What next for the workforce if they are judged solely on classroom attainment? Will PRP improve performance and eradicate poor teaching, or simply offer schools a way of saving money in a climate of reducing budgets? Some folk think performance related pay will solve the recruitment crisis. When I quoted this at a recent training event to 200 school leaders, there was a ‘chuckle’ in the room.
Having spent 10 years leading whole-school appraisal for over 600 colleagues. I can only apologise. Performance appraisal does not lead to teacher improvement, it leads to better evidence gathering and box-ticking. Research suggests (ASA, 2014) only about 1 to 14% offer educational outcome can be attributed to schools e.g. teacher effect. However, there are still many other factors, such as class sizes, resources and school budgets that can influence a teacher’s impact. The remaining 86 to 99% out-of-school factors are outside the control of teachers and schools. (Coleman et al, 1966)
Jury: I would be happy to work in a school who shifts appraisal toward a research-enquiry process.
7. Progressive versus Traditional:
The ‘progressive versus traditional debate’ bores the pants off me online; watching folk try to discuss complex educational matters in 140 characters is an impossible task – often polarised into ‘cherry picking evidence’ or one-upmanship. For years I’ve argued that both styles of teaching exist within many schools – there are two or three schools who have high-profile approaches that are well-cited on social media networks, but beyond that, the teaching profession at large has little or no interest in this polarisation. The existence of this discussion in schools is rare and this falsehood, that a teacher or school is either progressive or traditional, exists only for political (or exclusive) gain.
I do accept that a teacher can have more bias or preference for one method, but I cannot accept that one can exist without the other being present in the same classroom. Nor is either more important or effective. What works, is the quality of teaching that takes place in the classroom, and there will be at times a mixture of both. Only those who observe a wide array of teachers will know this. ‘Teaching is not two distinct theories‘ by history teacher, Richard Kennett, who summed up the ridiculous nature of this topic on social media with this:
“… the polarisation of education isn’t what most of us actually do in the classroom. Additionally this is linked to the problem we have in politics on social media – social media is an echo chamber … In reality, teachers at the chalk-face actually don’t care what it’s called, they just get on with teaching, using whatever methods suit them and their students. And because of their workload, most have little time to be concerned. (Richard Kennett)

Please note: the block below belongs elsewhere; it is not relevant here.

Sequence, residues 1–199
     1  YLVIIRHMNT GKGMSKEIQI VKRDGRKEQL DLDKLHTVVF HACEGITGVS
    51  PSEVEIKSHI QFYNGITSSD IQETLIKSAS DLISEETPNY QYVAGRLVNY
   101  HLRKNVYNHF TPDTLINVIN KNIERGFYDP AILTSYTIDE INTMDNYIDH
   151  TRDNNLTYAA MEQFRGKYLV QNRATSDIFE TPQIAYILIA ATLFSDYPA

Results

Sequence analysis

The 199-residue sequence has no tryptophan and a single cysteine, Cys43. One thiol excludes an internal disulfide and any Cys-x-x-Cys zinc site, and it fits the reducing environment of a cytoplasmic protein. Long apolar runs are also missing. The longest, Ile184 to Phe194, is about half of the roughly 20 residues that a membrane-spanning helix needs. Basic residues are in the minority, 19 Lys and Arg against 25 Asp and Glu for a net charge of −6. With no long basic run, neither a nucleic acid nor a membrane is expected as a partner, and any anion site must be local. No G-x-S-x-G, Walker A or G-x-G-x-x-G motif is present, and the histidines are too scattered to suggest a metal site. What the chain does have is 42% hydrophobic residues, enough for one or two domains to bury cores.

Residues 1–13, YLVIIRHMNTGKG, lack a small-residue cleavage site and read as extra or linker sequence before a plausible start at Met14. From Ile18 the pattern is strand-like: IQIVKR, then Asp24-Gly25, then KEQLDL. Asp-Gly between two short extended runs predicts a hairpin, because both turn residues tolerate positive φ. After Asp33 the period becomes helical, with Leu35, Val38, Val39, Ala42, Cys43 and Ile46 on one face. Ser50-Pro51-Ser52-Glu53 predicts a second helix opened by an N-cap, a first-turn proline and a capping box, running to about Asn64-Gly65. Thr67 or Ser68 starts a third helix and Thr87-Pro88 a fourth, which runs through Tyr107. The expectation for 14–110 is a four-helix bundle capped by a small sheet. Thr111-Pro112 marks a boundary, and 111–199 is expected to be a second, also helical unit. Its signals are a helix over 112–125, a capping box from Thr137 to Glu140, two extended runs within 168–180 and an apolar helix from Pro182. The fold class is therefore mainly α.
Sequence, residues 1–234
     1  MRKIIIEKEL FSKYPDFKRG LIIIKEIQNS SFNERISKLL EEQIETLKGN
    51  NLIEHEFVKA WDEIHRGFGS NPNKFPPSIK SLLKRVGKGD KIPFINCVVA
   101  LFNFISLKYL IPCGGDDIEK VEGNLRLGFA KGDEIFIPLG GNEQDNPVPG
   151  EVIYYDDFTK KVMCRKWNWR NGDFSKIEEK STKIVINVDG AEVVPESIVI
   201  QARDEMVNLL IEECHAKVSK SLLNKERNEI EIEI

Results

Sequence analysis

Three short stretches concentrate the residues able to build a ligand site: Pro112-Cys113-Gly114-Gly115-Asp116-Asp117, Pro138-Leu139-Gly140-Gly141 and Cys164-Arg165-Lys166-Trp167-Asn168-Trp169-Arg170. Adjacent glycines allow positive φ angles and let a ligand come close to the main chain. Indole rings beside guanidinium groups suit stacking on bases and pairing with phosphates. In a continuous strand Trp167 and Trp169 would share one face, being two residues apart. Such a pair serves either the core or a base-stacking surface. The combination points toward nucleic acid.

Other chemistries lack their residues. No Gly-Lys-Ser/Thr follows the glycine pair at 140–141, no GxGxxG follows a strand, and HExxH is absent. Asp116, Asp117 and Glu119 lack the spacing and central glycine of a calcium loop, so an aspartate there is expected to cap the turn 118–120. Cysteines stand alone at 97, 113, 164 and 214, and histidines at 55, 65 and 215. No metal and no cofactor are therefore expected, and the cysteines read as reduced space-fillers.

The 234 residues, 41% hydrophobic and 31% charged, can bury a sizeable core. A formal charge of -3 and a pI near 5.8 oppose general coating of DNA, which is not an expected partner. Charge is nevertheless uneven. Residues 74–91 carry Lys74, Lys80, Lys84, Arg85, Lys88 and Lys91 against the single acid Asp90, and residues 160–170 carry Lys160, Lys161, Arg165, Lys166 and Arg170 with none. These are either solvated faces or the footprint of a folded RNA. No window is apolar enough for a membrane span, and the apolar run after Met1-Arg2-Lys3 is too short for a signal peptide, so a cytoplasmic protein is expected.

Good teaching, if allowed to thrive in traditional or progressive form, enables teachers and students to teach and learn in unison. No single method can meet the needs of millions of students, nor can one million educators in the UK agree on a single approach.
Jury: If you believe progressive or traditional teaching is important, then you’ve lost touch with what teachers are actually prioritising in schools.
8. Work Scrutinies
We must challenge this dialogue: that the notion that we can determine a child’s progress from an exercise book using a cursory glance or a comparison with another to gauge progress. I wish summative assessment were that easy!
School leaders must start to determine the agenda in our schools. I’m not saying that the responsibility lies only with school leaders – we still have rogue inspectors visiting our schools making binary decisions, fuelled by their bias or the things that they should not do. This aside, it is my conclusion, having conducted tens and tens of work sample scrutinies over the past decade, that book-looks are dangerous and unreliable.
I have heard more and more examples of Multi Academy Trusts who are replacing grading lessons with graded work scrutinies instead. In worst cases, this is happening to teachers once a half-term. Of course, looking at a book gives us a picture, but so does ‘looking at’ a lesson without grading it. However, I fear we may still be stuck on the ‘looking for’ methodology when we make an assessment of students and teachers from the work that is in the book (or not).
Jury: Let’s shift the debate to ‘looking at’ without judgement whilst we wait for the evidence …
9. Data Drops
Data is an endless chore for teachers, simply designed to inform school leaders of student progress and ‘where interventions may be able to take place’ in examination classes – under-performing groups if you’re lucky! By the time the data collection is complete, teachers are either being asked to evaluate what they will do next, or have been asked to submit data for another group of students. It’s easy to see why teachers can always feel like they are submitting summative assessments of their students throughout the entire academic year. Tom Sherrington writes in 10 low impact activities to do less of – or stop altogether:
“Given all the horrible inherent data delusion fallacies that lead people to imagine a 5 in History is broadly the same as a 5 in Science, it’s barely worth the trouble … much of the data that is ‘dropped’ is so far removed from the actual learning needs of a student that it doesn’t even help to identify what they need to do. How many do you really actually need? One at the end – which serves as the start of the next year – and one in the middle?”
Now, that sounds like common sense to me!
Jury: Collect richer data, less often.
What teaching ideas you like to trash in 2018?